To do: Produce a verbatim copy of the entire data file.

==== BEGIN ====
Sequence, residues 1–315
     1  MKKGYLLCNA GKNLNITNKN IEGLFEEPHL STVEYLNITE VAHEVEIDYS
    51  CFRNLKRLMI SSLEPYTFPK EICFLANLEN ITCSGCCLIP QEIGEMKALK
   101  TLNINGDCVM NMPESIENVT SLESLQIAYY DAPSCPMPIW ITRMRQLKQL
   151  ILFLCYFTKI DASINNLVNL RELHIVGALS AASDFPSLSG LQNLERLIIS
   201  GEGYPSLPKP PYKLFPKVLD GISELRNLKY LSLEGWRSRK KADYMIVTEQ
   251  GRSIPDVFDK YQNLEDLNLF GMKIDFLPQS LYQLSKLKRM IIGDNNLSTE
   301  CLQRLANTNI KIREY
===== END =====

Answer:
Sequence, residues 1–315
     1  MKKGYLLCNA GKNLNITNKN IEGLFEEPHL STVEYLNITE VAHEVEIDYS
    51  CFRNLKRLMI SSLEPYTFPK EICFLANLEN ITCSGCCLIP QEIGEMKALK
   101  TLNINGDCVM NMPESIENVT SLESLQIAYY DAPSCPMPIW ITRMRQLKQL
   151  ILFLCYFTKI DASINNLVNL RELHIVGALS AASDFPSLSG LQNLERLIIS
   201  GEGYPSLPKP PYKLFPKVLD GISELRNLKY LSLEGWRSRK KADYMIVTEQ
   251  GRSIPDVFDK YQNLEDLNLF GMKIDFLPQS LYQLSKLKRM IIGDNNLSTE
   301  CLQRLANTNI KIREY